Within a couple of languid turns of the starter motor, the eight-litre, six-cylinder engine erupts into life. The thunder from of this jet-black 1930 Bentley Mulliner saloon is like no other, such that W.O. Bentley himself would enjoy it on a daily basis. This exact 7938cc flagship was once his company car.
“All cars should sound like this,” says Mike Sayer, beaming from behind the gargantuan steering wheel. Off we head down the lanes of Bentley’s home in Crewe, the majestic hood stretching out towards a vanishing point capped with the famous Flying B. We ride a tsunami of torque in fourth gear, and Sayer only really has to execute deft double-declutch shifts when we stop or start.
As curator of the company’s Heritage Collection, Sayer might just have the best job in Bentley. Perhaps even the world.
W.O.’s personal Bentley is valued at over £3.5 million, but Sayer shows no concern. He keeps up with traffic, even eschewing hand signals; the car is so imposing that other road users are either understanding or possibly too frightened not to yield to its movements.
“This is the one that I feel the most emotional about driving because it was W.O.’s own car, he drove this car for two years in 1930 and 1931,” he says. “So when I sit behind the wheel of this car, and grip the wheel, the same steering wheel he held, and the company that bears his name has employed me for 16 years, it’s always a moment to cherish.”
We return to the Heritage Garage at the factory and Sayer backs the 8-litre into position next to the 1929 Team Blower number two, the most famous and most valuable Bentley in the world, which, were it ever to reach the open market, would fetch more than £17 million.
Forming a semi-circle, in what was once an office building which dates back to 1938 when Bentley first moved to Pym’s Lane from Cricklewood, North London, are some of the most important cars of the firm’s first century.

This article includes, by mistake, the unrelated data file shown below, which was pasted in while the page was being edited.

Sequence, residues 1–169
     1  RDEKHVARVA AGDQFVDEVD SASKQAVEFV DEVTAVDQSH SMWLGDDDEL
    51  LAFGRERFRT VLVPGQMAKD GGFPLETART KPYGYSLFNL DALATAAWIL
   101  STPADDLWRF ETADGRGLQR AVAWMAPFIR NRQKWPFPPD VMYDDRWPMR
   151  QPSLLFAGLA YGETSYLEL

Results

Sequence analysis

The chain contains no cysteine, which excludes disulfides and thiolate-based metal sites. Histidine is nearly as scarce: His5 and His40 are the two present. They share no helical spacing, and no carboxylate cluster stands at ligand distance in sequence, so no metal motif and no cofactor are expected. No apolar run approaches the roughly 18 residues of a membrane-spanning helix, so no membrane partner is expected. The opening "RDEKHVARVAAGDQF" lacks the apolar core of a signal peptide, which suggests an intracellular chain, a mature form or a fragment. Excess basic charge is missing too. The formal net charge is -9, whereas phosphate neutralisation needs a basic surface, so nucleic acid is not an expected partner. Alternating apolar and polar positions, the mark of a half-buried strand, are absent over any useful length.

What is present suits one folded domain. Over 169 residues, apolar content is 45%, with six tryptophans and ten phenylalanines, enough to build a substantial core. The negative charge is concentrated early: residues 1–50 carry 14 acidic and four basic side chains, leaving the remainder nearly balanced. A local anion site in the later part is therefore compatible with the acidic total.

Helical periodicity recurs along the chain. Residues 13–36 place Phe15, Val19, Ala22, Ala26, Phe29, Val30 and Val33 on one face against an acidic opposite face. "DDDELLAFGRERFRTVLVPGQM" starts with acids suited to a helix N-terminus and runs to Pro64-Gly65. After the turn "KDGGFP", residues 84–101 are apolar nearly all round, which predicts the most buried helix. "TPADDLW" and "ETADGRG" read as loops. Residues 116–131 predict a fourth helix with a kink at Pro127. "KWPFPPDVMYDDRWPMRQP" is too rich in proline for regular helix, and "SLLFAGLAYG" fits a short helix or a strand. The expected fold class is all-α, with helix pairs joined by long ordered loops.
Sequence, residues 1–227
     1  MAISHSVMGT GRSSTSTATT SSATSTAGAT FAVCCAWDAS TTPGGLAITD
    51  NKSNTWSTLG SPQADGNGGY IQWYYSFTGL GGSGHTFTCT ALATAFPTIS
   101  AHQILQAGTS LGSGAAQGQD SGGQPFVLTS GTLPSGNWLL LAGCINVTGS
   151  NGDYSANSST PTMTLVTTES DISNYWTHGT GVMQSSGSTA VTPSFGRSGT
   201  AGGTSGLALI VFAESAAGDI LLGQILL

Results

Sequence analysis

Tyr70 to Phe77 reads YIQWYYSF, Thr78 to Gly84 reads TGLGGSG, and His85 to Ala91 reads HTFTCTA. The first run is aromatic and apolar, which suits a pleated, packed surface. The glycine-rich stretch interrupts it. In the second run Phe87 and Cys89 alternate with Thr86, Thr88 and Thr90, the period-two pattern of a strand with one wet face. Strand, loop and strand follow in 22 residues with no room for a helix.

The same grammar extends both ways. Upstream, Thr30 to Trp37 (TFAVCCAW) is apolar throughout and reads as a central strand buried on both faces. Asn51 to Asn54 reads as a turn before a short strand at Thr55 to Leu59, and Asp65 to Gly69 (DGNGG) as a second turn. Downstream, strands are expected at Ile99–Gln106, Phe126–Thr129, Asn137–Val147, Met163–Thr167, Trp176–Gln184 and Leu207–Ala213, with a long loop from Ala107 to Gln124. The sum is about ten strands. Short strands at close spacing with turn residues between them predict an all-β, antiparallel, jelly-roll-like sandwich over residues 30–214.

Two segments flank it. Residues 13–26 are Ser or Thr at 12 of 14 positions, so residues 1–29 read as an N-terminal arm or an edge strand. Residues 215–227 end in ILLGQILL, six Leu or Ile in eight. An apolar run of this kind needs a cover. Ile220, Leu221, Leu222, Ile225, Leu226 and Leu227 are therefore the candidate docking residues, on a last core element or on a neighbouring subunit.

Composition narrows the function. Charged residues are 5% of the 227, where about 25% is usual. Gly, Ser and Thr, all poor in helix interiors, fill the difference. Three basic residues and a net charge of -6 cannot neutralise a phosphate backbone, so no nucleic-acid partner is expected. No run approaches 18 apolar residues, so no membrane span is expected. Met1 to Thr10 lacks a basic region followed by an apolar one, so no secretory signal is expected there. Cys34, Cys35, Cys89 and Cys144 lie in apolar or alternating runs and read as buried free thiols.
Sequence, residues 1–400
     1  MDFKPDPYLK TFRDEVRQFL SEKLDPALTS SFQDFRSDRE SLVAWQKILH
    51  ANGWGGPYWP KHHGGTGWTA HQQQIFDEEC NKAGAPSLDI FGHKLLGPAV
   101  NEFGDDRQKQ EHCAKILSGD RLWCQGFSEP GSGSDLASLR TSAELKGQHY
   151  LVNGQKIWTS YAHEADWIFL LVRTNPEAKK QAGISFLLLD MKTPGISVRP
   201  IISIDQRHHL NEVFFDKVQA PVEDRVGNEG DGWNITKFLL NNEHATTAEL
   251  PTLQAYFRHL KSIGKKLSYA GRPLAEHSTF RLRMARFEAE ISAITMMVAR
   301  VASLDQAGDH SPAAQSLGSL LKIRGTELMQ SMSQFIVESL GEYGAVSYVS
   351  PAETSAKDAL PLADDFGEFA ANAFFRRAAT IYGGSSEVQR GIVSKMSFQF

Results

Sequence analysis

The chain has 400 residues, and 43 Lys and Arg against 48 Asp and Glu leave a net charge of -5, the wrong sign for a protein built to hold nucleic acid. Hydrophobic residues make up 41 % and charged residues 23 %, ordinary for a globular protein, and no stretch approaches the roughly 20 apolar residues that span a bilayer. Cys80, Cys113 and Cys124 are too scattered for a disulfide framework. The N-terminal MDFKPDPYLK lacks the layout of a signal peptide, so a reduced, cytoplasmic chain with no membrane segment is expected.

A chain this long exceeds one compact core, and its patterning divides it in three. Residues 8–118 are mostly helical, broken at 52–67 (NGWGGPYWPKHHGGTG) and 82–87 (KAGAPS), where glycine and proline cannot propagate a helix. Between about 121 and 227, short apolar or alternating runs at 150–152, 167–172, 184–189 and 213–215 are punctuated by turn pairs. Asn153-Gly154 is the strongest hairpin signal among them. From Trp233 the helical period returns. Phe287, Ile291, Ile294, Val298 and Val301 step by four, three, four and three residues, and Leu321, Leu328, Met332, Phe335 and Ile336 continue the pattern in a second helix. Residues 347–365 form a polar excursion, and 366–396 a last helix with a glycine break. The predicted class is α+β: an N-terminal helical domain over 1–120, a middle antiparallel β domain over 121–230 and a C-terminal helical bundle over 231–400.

Among them are a 1939 Mark V, a 1952 R Type Continental, a 1963 S3, a 1984 Continental, a ’91 Turbo R, 2001 Arnage, and a selection of more modern cars from the very first 2003 Continental GT to a 2021 GT Speed. In total 34 road cars and eight racing cars form the collection, and all will ultimately be drivable, although several are still undergoing restoration.
“My view is that if a car is locked up and undrivable it’s no longer a car. It’s a machine without a purpose. So that’s why one of the golden rules for this place is that we’re going to take these cars, and register them all, including the very first Continental GT which has lived for 20 years and never been driven on the road. We want to fix that and give it back its purpose,” explains Sayer.
Who will drive them? Well, some fortunate journalists (tune in next week), and VIP guests will be allowed behind the wheel, plus they’ll be offered to dealers around the world to showcase the brand’s history.
“Our 1958 S1 S Flying Spur car has been in Europe for six weeks and they’ve done loads of things with it. The whole point of keeping the collection running is that it’s not a museum, the cars are a dynamic, usable asset that can help tell the story of the brand.”
Building the collection has involved scouring the factories darkest corners as well as shopping in the open market.
“When I took over there was a big hole from 1955 to 2002, so we bought the cars to fill that gap, but we also found the very first T-Series from 1965 in one of our warehouses. The last car we bought was a 1960 S2 Drophead which turned up in Northern France. It’s one of only 15 and is mechanically very sound, but needs some cosmetic work,” adds Sayer.
Looking after the cars is one full-time heritage specialist, master technician Keith Downey, supported by other in-house experts and external suppliers. “Keith has been working either for Bentley or on Bentleys for at least 30 years. So from mid ’80s, up to early 2000s he knows the cars inside out and upside down. For the more modern cars, we’ve got plenty of guys here and when we get to the older cars Keith still knows a great deal about them so he can do the general maintenance that keeps these cars happy. When we get into specialist jobs, then we rely on three different specialist companies to help out as well.”
I get a first-hand look at the in-house expertise in a workshop where a dozen Blower Continuation cars are being assembled. Alongside them is a 1929 Speed Six, currently with its engine out, and a Continental GT3 race car awaiting a rebuild. Also present is the Blower Continuation Car Zero, fresh from Goodwood with Sayer’s name on a door sticker alongside CEO Adrian Hallmark.
“This car is amazing. It’s done 10,000 miles now, and at Monterey Car Week it was my daily driver. I used it every day for two weeks,” says Sayer.
There really can’t be many jobs better than this, can there?
This article was originally published on Hagerty US.